South African Institute of Tribology (Sait) hosting 11th international tribology conference

Tribology is the science and technology of inter-acting surfaces in relative motion, including the associated practices. Tribology is the science and technology of inter-acting surfaces in relative motion, including the associated practices.

The eleventh international tribology conference will be held by the South African Institute of Tribology (SAIT.) It will take place from the 10 to 12 March 2015, in Pretoria allowing students to present their research papers; and where SAIT will be promoting the professional status of tribology in Southern Africa.

Thomas Surmon, the president of SAIT says, “Tribology is the science and technology of inter-acting surfaces in relative motion, including the associated practices. However, it is a science that is not professionally recognised in Southern Africa, compared with other engineering disciplines.”

“There is a lack of knowledge concerning tribology and the impact that this has on the South African economy. In conjunction with the Department of Science and Technology, we conducted a study in 2010 to determine the cost- and energy-saving potential of South Africawith regard to the country’s economy. Our conference will assist us in getting the recognition we are striving for as an institute. As a result, the conference will cover topics such as industrial tribology, lubricants testing and condition monitoring, wear processes and the tribology of materials, boundary and fluid film lubrication, biotribological applications, and tribology and the environment,” he states.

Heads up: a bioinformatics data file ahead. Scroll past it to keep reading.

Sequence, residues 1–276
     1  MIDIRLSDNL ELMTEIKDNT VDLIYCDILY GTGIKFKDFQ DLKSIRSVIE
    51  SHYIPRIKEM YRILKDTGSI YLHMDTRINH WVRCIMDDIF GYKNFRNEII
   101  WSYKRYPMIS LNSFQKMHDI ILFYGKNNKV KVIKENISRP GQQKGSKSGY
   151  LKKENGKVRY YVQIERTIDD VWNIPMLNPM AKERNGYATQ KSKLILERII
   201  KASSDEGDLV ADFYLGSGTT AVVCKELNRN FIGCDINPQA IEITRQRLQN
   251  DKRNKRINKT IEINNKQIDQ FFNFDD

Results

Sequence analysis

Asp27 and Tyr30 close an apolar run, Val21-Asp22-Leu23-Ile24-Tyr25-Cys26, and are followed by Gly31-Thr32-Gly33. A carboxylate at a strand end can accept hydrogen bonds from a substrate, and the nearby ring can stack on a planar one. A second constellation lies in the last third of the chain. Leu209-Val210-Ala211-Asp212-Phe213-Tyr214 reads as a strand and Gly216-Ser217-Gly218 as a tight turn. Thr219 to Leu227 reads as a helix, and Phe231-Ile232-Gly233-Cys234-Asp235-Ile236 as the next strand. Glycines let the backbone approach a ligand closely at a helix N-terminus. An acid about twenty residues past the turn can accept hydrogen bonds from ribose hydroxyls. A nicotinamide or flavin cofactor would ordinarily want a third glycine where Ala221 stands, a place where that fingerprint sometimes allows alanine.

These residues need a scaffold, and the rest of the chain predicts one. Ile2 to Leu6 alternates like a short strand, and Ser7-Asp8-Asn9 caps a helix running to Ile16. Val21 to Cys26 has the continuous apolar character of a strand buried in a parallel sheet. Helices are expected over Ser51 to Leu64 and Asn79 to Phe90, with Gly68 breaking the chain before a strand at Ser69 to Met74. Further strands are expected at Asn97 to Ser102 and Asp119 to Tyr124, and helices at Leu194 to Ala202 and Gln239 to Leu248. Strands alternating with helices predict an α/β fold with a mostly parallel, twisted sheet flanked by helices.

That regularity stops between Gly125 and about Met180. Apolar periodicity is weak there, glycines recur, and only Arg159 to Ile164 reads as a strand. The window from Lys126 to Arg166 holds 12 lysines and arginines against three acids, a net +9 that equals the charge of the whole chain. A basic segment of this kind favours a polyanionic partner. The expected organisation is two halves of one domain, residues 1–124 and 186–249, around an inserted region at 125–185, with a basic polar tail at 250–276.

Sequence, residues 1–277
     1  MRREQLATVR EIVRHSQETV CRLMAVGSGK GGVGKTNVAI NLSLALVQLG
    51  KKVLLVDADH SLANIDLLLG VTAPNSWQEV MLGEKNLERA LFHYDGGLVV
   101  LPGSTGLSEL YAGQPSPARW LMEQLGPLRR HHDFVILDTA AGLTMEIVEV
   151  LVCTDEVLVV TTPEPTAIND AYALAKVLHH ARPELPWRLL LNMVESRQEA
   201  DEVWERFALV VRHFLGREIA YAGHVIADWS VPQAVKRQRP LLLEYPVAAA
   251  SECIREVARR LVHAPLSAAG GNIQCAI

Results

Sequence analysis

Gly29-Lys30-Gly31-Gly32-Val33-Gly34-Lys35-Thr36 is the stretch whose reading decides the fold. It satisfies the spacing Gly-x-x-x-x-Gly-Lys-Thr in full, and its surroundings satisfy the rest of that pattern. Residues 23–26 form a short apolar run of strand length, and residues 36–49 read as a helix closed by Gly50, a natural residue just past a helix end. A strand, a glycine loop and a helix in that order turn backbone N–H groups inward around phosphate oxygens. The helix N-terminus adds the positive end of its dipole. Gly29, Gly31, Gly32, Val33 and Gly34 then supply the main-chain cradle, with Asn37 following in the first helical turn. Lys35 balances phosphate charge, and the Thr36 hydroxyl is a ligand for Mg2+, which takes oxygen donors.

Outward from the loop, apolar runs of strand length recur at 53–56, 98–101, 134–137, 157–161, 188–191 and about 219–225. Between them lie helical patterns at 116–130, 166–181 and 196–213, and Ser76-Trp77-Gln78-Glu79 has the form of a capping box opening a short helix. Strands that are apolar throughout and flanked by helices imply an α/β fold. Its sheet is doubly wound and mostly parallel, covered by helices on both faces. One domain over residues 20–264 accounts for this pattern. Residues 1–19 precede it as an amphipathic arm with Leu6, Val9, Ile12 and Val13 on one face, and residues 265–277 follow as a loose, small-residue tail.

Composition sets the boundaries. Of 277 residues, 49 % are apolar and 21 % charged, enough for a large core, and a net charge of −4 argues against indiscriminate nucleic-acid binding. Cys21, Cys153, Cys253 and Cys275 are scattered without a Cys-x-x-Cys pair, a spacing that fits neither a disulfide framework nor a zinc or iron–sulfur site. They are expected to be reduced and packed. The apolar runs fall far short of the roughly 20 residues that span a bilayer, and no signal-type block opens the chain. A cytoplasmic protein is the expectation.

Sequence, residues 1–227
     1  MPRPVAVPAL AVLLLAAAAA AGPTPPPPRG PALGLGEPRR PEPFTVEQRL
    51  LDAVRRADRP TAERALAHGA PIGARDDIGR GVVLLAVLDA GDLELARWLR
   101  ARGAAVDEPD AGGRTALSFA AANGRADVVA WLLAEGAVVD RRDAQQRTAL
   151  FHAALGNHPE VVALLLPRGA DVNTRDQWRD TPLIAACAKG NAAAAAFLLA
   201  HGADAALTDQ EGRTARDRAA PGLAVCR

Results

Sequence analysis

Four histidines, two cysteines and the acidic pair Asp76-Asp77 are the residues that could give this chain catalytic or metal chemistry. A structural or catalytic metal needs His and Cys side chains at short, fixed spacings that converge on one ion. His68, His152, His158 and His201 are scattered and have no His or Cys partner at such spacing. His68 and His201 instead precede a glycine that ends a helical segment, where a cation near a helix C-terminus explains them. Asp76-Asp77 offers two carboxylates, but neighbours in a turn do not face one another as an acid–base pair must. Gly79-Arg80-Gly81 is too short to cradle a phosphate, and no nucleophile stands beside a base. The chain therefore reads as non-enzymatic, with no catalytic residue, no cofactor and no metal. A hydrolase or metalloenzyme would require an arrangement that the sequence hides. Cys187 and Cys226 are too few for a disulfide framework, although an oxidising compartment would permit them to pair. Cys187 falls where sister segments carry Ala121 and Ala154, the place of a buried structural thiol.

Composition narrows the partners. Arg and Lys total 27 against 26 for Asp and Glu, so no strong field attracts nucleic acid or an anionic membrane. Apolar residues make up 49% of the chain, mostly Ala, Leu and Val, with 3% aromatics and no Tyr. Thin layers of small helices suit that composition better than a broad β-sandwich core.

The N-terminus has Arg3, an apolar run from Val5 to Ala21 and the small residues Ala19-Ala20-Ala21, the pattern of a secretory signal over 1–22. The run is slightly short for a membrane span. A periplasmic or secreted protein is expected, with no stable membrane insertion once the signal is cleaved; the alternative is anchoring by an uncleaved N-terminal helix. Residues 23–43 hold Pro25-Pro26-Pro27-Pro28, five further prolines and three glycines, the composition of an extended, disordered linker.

While tribology is the main factor for Sait’s conference, there will also be a focus on interaction and establishing business relationships with government.

Sait has invited international speakers such as:

  • Professor Gwidon Stachowiak – Head of Tribology at Perth-based Curtin University
  • Professor Wilfred Tysoe – US-based University of Wisconsin-Milwaukee

Surmon added, “The institute hopes the conference will attract more professionals who are keen to learn more about tribology and also create dialogue that will raise awareness of the need to establish a standalone discipline for tribology at university level and also in industry in South Africa.”

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